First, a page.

Training healthcare professionals from many disciplines

Pharmacist Mark Magas lectures students from a wide range of healthcare professions, including paramedics, midwives and nurses.

Mark Magas, principal lecturer of lifelong and interprofessional learning at the University of Cumbria

Many pharmacists are now asking themselves what it means to be a pharmacist, especially given the major changes the NHS is undergoing. “Pharmacists now have the potential to go in all different directions. They can be non-medical prescribers, advanced clinical practitioners, or be more involved in public health,” says pharmacist Mark Magas, who works as principal lecturer of lifelong and interprofessional learning at the University of Cumbria in Carlisle.

His own job, he says, is different to that of most pharmacists. “The role allows me to have academic oversight of a number of programmes and also have a good deal of influence on the way we are developing as a university.” These programmes include sexual health, public health, occupational health, non-medical prescribing, paramedic sciences and advanced practice. Magas also leads learning and teaching quality and he is responsible for several modules relating to medicines, pharmacology, prescribing and therapeutics.

Career progression

Magas started his career as a hospital pharmacist, before moving to a small community store and then to pharmacy chain Boots in 2001. “I became a pharmacist resource manager, which involved quite a large amount of teaching and co-ordinating the teaching of pharmacy staff, including healthcare and dispensing assistants, and continuing professional development for pharmacists.”

“The role was a secondment,” Magas explains, “and when it was going to come to an end I decided I would take-up teaching because I’d enjoyed it so much”. He left Boots to work as a locum while studying for a postgraduate certificate in education at St Martin’s College, Lancaster, in 2003. He then taught as a secondary school science teacher for three years. “I did enjoy working with young people. It made me gain skills in being able to explain difficult scientific concepts effectively and in interesting and imaginative ways.”

In 2006, Magas became a lecturer in pharmacology at the University of Cumbria (known then as St Martin’s College). “I expanded the opportunities to have pharmacological and medicines input into a number of other courses, for example, midwifery and occupational therapy. As time progressed I became a senior lecturer and a principal lecturer.”

He teaches a diverse range of students, including midwives and army paramedics, giving him the opportunity to work on diverse subjects at both undergraduate and postgraduate level. “Of particular note is our involvement with training medical technicians and paramedics for the defence medical services, including those who are intending to ‘resettle’ to work as civilian paramedics,” he says.

Students of different disciplines are taught both separately and together, Magas explains. “For example, non-medical prescribing works very well when we teach pharmacists, nurses and registrants of the Health and Care Professions Council together,” he adds.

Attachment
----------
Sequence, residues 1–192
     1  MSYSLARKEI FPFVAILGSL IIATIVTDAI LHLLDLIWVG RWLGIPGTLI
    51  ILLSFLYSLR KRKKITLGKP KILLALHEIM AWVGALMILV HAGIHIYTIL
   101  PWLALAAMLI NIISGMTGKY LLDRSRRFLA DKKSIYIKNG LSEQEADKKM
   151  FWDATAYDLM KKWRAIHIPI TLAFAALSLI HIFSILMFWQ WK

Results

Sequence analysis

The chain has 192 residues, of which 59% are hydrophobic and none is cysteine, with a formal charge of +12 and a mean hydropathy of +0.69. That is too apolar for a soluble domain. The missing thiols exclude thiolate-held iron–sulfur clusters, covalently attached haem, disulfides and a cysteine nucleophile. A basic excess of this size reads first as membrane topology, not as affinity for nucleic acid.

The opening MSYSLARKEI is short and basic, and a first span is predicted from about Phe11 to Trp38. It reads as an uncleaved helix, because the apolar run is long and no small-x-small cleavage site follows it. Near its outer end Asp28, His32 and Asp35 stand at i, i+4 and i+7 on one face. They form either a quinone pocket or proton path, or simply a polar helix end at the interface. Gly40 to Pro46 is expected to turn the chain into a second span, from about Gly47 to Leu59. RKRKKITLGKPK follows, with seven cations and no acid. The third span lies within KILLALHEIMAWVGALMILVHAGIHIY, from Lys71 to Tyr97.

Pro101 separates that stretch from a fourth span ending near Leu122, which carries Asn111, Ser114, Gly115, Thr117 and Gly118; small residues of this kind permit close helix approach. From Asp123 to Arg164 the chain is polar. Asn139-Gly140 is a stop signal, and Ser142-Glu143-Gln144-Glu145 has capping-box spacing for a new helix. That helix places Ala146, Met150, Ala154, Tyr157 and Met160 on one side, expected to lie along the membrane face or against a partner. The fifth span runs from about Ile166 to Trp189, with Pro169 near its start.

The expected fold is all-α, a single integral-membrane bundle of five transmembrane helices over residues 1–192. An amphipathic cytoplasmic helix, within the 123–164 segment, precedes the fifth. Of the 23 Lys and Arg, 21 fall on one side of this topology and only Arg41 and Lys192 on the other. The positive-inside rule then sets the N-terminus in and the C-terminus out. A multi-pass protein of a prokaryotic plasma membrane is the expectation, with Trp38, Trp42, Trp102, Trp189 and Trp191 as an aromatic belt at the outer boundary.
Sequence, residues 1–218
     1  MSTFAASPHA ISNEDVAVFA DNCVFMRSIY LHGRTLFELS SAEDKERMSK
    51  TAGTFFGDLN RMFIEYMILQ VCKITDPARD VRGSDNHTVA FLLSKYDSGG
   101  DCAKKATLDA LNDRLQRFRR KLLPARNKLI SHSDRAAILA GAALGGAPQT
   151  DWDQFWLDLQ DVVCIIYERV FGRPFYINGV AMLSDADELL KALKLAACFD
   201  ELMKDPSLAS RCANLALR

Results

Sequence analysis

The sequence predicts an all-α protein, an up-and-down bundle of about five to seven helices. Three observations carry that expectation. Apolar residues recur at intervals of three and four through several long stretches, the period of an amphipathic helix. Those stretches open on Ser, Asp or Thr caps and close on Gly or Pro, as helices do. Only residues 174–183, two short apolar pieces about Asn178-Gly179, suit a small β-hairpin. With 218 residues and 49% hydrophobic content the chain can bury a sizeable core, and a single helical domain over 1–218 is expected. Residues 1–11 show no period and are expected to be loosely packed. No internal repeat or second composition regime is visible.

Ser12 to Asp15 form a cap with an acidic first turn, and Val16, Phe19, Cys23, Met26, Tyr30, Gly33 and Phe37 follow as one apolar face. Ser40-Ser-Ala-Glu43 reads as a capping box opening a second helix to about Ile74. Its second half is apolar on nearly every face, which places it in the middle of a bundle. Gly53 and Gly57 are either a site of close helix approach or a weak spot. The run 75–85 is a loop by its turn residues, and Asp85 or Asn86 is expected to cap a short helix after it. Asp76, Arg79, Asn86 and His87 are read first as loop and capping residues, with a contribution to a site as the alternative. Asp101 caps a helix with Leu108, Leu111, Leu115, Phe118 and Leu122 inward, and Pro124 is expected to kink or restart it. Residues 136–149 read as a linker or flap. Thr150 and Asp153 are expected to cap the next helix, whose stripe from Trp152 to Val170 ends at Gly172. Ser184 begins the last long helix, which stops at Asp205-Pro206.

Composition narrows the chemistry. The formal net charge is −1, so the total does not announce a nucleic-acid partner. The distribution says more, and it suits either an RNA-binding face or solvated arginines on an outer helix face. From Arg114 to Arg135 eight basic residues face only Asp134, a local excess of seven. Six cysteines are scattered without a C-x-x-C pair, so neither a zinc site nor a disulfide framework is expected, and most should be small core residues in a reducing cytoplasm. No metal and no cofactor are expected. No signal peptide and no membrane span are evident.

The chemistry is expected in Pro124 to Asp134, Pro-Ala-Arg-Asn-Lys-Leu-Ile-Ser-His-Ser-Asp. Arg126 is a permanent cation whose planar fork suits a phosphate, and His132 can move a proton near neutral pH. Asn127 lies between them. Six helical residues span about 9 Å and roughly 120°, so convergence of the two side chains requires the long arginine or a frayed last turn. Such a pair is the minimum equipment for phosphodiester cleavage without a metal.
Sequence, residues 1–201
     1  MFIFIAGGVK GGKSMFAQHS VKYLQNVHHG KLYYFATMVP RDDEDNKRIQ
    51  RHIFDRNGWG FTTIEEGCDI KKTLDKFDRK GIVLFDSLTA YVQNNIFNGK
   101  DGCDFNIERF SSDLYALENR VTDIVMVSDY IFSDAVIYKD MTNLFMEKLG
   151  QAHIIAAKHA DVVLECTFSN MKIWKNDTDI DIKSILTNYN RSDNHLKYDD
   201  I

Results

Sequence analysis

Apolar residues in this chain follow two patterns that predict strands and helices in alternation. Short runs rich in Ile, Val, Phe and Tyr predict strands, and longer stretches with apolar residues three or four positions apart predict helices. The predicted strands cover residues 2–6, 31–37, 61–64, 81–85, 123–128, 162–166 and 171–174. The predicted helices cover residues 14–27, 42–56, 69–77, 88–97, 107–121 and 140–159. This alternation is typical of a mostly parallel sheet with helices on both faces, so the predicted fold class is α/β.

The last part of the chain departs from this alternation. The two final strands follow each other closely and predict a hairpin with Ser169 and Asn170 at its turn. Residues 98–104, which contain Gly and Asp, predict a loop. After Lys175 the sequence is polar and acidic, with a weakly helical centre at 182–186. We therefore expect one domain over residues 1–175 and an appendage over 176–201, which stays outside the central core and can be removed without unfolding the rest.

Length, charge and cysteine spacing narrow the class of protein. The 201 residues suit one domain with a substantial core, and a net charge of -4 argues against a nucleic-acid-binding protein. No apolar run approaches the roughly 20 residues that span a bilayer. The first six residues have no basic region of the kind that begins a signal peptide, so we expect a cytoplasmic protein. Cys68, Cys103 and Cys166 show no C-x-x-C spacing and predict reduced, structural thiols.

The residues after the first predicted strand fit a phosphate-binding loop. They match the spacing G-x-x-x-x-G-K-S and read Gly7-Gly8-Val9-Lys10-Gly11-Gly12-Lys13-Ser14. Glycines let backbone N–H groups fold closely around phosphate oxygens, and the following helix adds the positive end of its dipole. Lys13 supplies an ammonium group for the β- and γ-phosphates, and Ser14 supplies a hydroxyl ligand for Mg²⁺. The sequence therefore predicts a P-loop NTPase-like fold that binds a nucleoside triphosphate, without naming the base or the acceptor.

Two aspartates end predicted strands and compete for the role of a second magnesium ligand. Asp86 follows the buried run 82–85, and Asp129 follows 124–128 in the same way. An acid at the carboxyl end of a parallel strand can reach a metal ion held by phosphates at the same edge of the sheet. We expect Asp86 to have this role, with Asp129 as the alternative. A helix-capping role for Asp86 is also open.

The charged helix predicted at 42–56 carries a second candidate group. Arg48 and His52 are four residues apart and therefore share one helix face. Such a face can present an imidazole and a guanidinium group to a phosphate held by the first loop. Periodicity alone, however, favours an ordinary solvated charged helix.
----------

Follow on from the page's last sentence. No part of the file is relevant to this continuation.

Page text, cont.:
He is fairly new to this position as principal lecturer, so his immediate goal is to settle into the role. “I want to support my colleagues and help to make the department of lifelong and interprofessional learning an increasing success,” he said. “Beyond that I would like to attain my PhD, and also test out whether I’d suit a more strategic role within academia.”

Now is an exciting time for the NHS, says Magas, and for all healthcare professionals working within it. The ‘Closer to Home’ agenda, which is a campaign to promote the treating of patients in the community rather than at hospital if possible, and the additional supporting roles, such as non-medical prescribers and advanced practitioners, are emerging as highly valued within the NHS, says Magas. “It is exciting to be part of training the NHS staff that will take forward the new agendas in the NHS.”

Interview by
Jeff Mills

Mark Magas

Career summary

Jan 2014 – present: principal lecturer in lifelong and interprofessional learning, University of Cumbria

July 2006 – present: senior lecturer in pharmacology, University of Cumbria

Jan 2006 – July 2006: lecturer in pharmacology, St Martin’s College (now University of Cumbria)

Sept 2004 – January 2006: science teacher, Trinity School Carlisle

Sept 2003 – July 2004: postgraduate certificate in education studies , St Martin’s College, Lancaster

June 2002 – July 2003: Boots pharmacist resource manager

May 2001– June 2002: Boots consultant pharmacist

March 1995 – May 2001: pharmacist and manager, Bowman’s Chemist, Carlisle

July 1993 – March 1995: Grade B pharmacist, Cumbria NHS Trust


2012: Senior Teaching Fellow, Higher Education Academy

2011: Senior Teaching Fellow, University of Cumbria

2010: University of Cumbria Vice Chancellor’s Teaching Award

2010: MSc (Science) Molecules in Medicine and Science Learning

Last updated
The Pharmaceutical Journal, PJ, 4 October 2014, Vol 293, No 7830;293(7830):DOI:10.1211/PJ.2014.20066494

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